Event Management

PCMA Convening Leaders Exemplifies the Importance of Having a Contingency Plan

Skift Take

Booking a big-name speaker for your event attracts attendees. But if that speaker has to cancel, it's crucial to have a contingency plan in place. PCMA Convening Leaders led by example.

Unexpected twists and turns are part of planning any business event. Contingency plans are crucial to preventing viruses, flight delays, weather, or terrorist attacks from upending years of planning.

This list of potential risks is ever-changing, and we can confidently state that the Golden Globes Awards isn’t on it. Until now.

Actress Viola Davis, slated to be the closing keynote speaker of PCMA Convening Leaders, had to cancel at the last minute as she had been nominated for her role in The Woman King. Unfortunately, this meant she couldn’t be in Columbus as it clashed with the Golden Globes Awards Ceremony.

Although her absence was understandable, PCMA had to find a replacement. Daniel Pink, the author of five New York Times bestsellers, including his latest, The Power of Regret: How Looking Backward Moves us Forward, took the reins. He steered the conference to its close expertly. The audience was riveted, and his words of wisdom were well received. 

This is the second year PCMA has had to replace a keynote speaker unexpectedly. Last year, Dan Levy of Schitt’s Creek fame, an award-winning writer, actor, director, and producer, had to cancel due to the extension of an existing contract. At the height of the omicron surge, PCMA’s contingency plan led to Ronan Farrow, Pulitzer Prize, and Peabody Award-winning investigative reporter and New York Times best-selling author.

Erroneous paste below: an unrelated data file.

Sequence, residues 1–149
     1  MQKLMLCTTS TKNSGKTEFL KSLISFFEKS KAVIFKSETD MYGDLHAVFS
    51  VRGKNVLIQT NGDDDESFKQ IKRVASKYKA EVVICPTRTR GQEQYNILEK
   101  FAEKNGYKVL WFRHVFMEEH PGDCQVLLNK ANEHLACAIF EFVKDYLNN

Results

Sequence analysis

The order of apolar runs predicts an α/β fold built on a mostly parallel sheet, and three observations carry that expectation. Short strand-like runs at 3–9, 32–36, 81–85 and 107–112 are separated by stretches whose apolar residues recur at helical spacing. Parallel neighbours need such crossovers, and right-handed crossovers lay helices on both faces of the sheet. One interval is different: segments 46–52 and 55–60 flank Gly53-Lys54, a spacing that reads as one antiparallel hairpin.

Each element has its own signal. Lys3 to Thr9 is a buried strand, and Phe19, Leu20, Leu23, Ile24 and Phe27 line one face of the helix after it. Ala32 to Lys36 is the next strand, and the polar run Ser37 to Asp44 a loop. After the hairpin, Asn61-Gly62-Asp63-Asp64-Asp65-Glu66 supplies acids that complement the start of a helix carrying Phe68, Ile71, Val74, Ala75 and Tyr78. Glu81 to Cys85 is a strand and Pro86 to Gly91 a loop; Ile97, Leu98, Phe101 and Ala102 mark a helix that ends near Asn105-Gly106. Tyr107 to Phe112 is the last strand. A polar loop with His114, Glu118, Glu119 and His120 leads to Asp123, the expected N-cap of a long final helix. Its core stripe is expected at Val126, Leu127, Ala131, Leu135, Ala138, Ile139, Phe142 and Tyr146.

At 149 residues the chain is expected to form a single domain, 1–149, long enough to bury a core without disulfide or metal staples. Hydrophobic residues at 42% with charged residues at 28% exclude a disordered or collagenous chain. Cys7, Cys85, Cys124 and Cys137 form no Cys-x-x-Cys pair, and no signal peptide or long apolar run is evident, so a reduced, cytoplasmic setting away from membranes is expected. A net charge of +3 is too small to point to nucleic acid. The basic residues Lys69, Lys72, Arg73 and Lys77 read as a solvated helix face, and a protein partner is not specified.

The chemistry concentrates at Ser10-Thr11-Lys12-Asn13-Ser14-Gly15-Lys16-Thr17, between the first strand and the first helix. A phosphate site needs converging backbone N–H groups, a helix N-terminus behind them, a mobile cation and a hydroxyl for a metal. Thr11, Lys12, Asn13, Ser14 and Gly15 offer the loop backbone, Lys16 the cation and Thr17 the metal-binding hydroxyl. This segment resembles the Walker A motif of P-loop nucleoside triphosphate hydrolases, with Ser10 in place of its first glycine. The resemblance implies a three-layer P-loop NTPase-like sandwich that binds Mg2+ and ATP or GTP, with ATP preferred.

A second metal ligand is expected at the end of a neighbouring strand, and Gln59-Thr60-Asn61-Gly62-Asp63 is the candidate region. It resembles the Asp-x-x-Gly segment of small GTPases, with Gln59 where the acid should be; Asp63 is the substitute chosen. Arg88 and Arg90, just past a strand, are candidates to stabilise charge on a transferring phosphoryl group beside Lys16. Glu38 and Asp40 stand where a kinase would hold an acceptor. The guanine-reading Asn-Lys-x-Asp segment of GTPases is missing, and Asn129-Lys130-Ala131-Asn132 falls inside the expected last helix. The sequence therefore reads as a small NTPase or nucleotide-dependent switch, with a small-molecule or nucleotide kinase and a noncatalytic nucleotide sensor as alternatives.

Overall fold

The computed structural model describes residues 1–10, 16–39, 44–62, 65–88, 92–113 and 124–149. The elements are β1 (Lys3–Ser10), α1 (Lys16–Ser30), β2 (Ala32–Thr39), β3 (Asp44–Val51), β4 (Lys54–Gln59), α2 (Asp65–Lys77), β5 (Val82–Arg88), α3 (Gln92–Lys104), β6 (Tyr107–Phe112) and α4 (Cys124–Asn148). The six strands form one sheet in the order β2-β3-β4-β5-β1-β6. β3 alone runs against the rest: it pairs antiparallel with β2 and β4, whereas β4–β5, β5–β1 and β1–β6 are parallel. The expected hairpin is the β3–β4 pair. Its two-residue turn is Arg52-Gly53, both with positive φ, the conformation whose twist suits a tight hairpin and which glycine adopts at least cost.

The closing reception featured John Legend, an Ohio legend, who performed for conference attendees at Nationwide Arena. With his wife, Chrissy Tiegen, nine months pregnant, there was also a good chance that he may have had to cancel. Life is unpredictable. That is why meeting professionals must have contingency plans for the what-ifs. 

Pink’s Five Tips for Meeting Professionals

From the main stage, Pink shared five ways to restore motivation, battle burnout, and jumpstart 2023.

Create a to-don’t list. Defaulting to additive changes may be one reason people need help to mitigate overburdened schedules, he said. His advice? Identify three to five things that distract your attention, drain your energy, and divert you from your goals. Write these things down, and then don’t do them. Sometimes subtracting, not adding, can be beneficial. 

List three ways you made progress in your day. Take a moment at the end of the day to do this. Often, you will realize you made much more progress than you realized.

Focus on the why, not the how. Each week of 2023, have two fewer conversations about how and two more about why. Event professionals have many more how conversations than they realize, said Pink. Just twice turn those into why conversations.

Get moving. Schedule a 15-minute walk break every other afternoon. Breaks impact our performance. Many think powering through is the right way to get more work done. Breaks aren’t deviations from our performance; they are our performance, he said. Breaks with other people are more restorative than breaks alone. Outside beats inside. Fully detached beats semi-detached, so leave your phone behind.

If only I’d taken the chance. This is the most effective question for making important decisions. “What would I tell my best friend to do?” Remember, what haunts people are regrets of inaction and not action.

Photo credit: Andrea Doyle / Skift Meetings